Smaller cyclones avoid many of the disadvantageous and time-intensive aspects of larger cyclones, including those relating to installation and regulatory compliance. Here are the five frequently asked questions about using small dust-collection cyclones.
How does GPC technology shrink the size of a cyclone without hurting efficiency?
Cyclone dust collectors are designed with a descending cone. Particulate laden air enters an inlet at the top and rotates down, exiting at the bottom while clean air is exhausted from the top. Dust is thereby separated from the airstream for recovery or later disposal. Distinct cyclones have emerged on the market that use GPC technology. These changes the shape and structure of the cyclone to make it just as efficient as much longer cyclones for the same volume of airflow passing through them.
GPCs have a ground plate located inside the cyclone. It intercepts dust in the airstream, causing particulate to divert toward the hopper, and also to lose momentum and fall out of the airstream. It also intercepts the airflow, thereby preventing dust re-entrainment from the hopper. What’s more, this technology is less dependent on gravity, enabling horizontal installation of the cyclone—very helpful where overhead space is limited.
Can a small cyclone reduce the cost of explosive dust applications?
More than 70% of industrial dusts are explosive, so venting for explosive dust is a common feature of plants. Potentially explosive dust requires the use of an explosive vent and ductwork in strict compliance with NFPA (National Fire Protection Association) standards. In general, in the event of an explosion in a cyclone, the goal is to control the location of the explosion, i.e. outside the building and away from people. Often it is more practical to locate the cyclone outside. This adds additional costs for a concrete pad and long ductwork runs. It also introduces the effect of weather that can shorten the lifetime of equipment.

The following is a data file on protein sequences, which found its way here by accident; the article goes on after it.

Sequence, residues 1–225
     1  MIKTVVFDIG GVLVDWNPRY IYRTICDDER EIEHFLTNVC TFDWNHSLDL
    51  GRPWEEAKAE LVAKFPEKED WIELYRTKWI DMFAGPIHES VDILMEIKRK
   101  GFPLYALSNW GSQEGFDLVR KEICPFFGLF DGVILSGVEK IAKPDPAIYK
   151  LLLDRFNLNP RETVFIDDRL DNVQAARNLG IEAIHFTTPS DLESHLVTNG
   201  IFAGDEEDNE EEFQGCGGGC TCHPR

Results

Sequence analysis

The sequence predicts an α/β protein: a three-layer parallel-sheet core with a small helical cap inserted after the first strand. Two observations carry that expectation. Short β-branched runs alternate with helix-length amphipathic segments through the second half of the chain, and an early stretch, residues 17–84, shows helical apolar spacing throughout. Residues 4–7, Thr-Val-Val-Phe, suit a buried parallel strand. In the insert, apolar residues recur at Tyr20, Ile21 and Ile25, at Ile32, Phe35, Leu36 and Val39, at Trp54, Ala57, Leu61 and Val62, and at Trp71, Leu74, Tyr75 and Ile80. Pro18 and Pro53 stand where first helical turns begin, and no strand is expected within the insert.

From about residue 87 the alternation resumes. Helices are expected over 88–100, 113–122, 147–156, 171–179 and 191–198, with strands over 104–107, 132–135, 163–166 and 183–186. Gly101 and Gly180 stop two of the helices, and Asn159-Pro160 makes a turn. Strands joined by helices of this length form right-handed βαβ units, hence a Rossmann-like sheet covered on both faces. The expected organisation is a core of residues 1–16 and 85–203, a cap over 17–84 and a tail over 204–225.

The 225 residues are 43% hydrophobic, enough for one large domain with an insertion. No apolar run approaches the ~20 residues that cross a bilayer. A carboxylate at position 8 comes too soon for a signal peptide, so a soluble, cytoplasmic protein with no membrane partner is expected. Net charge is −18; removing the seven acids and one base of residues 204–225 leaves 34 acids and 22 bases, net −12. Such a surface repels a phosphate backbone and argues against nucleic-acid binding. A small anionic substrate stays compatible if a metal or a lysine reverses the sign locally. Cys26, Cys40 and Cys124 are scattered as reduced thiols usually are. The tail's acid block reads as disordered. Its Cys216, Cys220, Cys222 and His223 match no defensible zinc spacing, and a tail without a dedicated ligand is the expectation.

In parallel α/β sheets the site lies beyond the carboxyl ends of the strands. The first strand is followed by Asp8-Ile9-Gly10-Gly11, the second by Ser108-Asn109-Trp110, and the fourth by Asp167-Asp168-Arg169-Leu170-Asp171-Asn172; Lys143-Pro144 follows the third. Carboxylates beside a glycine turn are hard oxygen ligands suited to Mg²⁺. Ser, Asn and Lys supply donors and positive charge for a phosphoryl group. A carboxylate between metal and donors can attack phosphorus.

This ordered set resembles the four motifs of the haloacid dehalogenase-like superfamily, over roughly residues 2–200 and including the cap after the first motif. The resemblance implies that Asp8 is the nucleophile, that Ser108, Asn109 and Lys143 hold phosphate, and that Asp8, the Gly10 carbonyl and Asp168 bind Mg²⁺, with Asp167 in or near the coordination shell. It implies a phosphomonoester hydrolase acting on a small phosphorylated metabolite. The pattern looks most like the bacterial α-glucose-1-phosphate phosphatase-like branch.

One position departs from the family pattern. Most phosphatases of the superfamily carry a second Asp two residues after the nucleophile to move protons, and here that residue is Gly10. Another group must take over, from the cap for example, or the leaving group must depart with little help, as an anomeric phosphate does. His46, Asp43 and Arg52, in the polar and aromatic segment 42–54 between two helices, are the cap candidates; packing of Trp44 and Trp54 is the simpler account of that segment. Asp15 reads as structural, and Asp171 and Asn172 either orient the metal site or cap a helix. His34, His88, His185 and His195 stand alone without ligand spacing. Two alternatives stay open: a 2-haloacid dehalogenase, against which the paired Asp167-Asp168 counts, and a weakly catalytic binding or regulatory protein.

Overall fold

Are horizontal cyclones easier to clean?
Standard cyclones may be time-intensive to clean, owing to flanges and small access doors.
A horizontally installed GPC cyclone typically features a wide removeable backplate, allowing it to be cleaned in a fraction of the time that a traditional cyclone requires. The bolts on the backplate can even be replaced with quick-disconnect clamps, further reducing maintenance time.
How can point-of-use dust collection cut costs?
Small dust collection cyclones are easier to install at the point of use, i.e. directly adjacent to a dust production area. This allows reclamation before the dust is mixed with other dusts in a central dust collection system. It’s always better to recover as much of your product as possible so you can sell it or reuse it, instead of letting it go into costly filters.
Point-of-use dust collection also minimizes buildups of material in the ductwork, as much less dust is travelling through the ducts to reach the main collector.
Can small GPC cyclones be used on mobile dust collection applications?
Any mobile dust collection application needs to maximize the available space and minimize weight. A big cyclone takes up precious space on a vehicle. Often a cyclone must be lowered before travel, to fit under obstructions such as bridges, and then raised to a vertical position when it gets to the job site.
Compact enough to fit on semi-trucks, trains, and ships, horizontal cyclones don’t need to be raised and lowered. The cyclone will already be in operational position while also easily fitting under bridges or into small spaces.
Aerodyne experts make a big deal out of small. For a consultation about the cost savings of small cyclones, or to discuss maximizing the efficiency of your current system with NFPA compliance, contact the experts at (440) 543-7400 or DC@DustCollectorHQ.com.
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